This article was corrected on May 22, 2003.
HOLLYWOOD — If you heard agent Richard Lovett giddily warbling Chaka Khan‘s “I’m Every Woman” at Creative Artists Agency last week, it was with good reason.
The agency’s signing of Julia Roberts, announced May 14, caps a major realignment of the stars in the talent-biz solar system over the last six months.
CAA now represents most of the thirtysomething femme stars working today — a stark contrast from only two years ago, when ICM held the keys to top ladies’ trailers.
The last six best actress Oscar-winners are now under the same roof.
Helen Hunt (“As Good As It Gets,” 1998) and Gwyneth Paltrow (“Shakespeare in Love,” 1999) were already clients. Hilary Swank (“Boys Don’t Cry,” 2000) returned two weeks ago from the William Morris Agency.
And now, Roberts, who won the actress trophy for “Erin Brockovich” in 2001, joins fellow Oscar winners like Halle Berry (“Monster’s Ball,” 2002) and this year’s winner, Nicole Kidman (“The Hours.”)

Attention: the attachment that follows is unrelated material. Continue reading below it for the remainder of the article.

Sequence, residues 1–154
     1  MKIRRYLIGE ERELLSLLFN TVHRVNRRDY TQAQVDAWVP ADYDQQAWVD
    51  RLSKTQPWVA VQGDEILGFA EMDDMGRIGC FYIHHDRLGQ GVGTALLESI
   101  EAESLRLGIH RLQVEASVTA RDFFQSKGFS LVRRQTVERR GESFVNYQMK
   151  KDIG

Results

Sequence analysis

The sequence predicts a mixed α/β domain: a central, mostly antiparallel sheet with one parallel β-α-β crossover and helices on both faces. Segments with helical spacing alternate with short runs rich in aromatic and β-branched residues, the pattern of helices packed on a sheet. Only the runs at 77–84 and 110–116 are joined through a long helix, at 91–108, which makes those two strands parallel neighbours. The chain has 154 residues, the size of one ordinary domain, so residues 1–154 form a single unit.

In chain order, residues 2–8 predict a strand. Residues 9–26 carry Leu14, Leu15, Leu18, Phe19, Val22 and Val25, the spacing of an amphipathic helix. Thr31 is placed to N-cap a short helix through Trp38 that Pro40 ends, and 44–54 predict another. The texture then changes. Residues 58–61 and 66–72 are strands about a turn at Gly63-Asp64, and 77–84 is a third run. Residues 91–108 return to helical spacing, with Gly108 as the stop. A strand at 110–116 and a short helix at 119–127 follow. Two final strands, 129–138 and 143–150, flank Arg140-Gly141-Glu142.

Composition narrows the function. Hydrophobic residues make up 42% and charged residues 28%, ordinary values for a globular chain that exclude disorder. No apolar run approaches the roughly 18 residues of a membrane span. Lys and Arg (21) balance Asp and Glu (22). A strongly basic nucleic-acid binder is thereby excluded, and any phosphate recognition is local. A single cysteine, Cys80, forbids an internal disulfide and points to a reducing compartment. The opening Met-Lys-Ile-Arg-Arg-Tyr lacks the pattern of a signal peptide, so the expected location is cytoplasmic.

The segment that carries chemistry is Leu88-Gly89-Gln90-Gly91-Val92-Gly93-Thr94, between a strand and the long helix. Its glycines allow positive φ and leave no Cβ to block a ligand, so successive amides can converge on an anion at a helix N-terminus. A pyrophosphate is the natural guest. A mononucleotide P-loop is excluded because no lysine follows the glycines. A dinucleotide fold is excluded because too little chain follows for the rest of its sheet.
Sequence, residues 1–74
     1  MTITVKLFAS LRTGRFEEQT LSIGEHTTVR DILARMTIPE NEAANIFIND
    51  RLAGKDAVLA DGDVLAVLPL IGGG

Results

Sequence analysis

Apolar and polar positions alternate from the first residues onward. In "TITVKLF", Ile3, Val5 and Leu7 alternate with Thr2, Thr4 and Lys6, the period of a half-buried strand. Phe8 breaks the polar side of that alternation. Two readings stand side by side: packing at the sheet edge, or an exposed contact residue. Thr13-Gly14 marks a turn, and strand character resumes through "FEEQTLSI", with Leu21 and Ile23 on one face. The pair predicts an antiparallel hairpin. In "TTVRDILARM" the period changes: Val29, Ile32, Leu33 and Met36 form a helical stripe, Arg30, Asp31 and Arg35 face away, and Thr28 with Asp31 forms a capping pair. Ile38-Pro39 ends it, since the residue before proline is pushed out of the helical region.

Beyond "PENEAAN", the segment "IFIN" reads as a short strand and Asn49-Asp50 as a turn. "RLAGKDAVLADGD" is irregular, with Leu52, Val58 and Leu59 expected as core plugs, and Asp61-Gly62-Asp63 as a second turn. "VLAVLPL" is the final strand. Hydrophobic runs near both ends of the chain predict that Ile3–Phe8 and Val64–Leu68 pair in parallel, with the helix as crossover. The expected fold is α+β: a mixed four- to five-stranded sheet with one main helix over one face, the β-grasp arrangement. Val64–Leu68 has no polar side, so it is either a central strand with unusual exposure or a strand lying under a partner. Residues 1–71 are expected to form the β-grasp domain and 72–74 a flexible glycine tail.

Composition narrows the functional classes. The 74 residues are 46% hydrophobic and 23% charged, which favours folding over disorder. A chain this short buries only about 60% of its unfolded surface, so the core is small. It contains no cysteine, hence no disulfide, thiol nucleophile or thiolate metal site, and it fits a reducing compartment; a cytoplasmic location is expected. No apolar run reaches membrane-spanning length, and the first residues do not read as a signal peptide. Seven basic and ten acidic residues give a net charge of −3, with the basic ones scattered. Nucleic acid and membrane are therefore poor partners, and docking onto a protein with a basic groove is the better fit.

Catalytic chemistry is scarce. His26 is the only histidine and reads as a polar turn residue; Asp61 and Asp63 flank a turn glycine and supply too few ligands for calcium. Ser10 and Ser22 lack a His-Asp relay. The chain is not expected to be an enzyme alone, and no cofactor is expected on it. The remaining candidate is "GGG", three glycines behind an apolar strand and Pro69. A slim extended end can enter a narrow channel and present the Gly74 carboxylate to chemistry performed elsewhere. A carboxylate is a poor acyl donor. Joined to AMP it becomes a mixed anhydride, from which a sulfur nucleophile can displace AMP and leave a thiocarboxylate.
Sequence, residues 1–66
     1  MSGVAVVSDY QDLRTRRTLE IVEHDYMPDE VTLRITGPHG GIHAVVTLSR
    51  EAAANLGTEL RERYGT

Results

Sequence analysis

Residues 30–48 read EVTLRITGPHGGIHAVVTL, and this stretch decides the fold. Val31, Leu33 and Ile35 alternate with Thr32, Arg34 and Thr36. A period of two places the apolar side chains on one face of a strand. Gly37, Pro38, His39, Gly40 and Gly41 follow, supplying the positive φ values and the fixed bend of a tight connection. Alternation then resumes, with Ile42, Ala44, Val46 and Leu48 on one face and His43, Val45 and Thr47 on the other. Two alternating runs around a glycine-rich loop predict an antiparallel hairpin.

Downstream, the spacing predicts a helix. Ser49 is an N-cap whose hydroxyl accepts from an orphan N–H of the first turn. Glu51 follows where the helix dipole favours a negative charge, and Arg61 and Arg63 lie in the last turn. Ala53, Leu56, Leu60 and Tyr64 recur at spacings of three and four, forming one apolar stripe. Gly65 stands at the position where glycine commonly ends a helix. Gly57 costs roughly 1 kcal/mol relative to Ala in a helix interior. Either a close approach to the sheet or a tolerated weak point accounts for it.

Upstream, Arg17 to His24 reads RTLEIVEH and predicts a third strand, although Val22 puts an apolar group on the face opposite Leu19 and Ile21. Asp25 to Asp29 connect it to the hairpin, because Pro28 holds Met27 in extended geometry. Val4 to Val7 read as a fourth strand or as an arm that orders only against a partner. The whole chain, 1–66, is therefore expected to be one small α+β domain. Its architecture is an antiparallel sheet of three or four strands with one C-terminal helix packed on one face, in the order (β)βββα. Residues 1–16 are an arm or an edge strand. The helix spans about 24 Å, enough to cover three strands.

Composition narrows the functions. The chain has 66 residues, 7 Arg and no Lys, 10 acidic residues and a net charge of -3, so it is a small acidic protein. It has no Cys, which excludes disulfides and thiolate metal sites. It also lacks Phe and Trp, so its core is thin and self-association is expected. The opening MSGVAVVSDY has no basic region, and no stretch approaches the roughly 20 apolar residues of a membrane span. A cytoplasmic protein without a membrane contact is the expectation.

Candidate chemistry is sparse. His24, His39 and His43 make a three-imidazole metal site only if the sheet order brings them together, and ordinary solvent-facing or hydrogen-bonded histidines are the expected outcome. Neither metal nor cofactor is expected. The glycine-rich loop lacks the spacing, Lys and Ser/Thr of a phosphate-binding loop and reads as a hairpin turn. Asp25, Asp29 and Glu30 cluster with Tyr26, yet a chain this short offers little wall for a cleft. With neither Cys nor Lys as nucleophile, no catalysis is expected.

Still, winning Oscar doesn’t pay the rent, and certainly doesn’t guarantee commission-generating roles. That’s why CAA also worked to land $20 million player Cameron Diaz — who decamped ICM in January.
Roberts and Diaz crown a formidable femme list of established topliners at the agency that also includes Sandra Bullock, Rene Zellweger, Kate Hudson andPenelope Cruz.
Two challenges remain, though: balance and retention.
Representing such a gaggle of top leading ladies means that agency clients are essentially competing against one another, which can lead to complicated internal politics.
Which brings us to retention: Swank has left CAA before, and CAA’s signing of ICM client Michelle Pfeiffer last year proved to be just a brief fling; she returned to ICM’s Ed Limato only eight months later.
ICM’s roster of young femmes also includes Jodie Foster, Jennifer Connolly, Winona Ryder and Kate Beckinsale.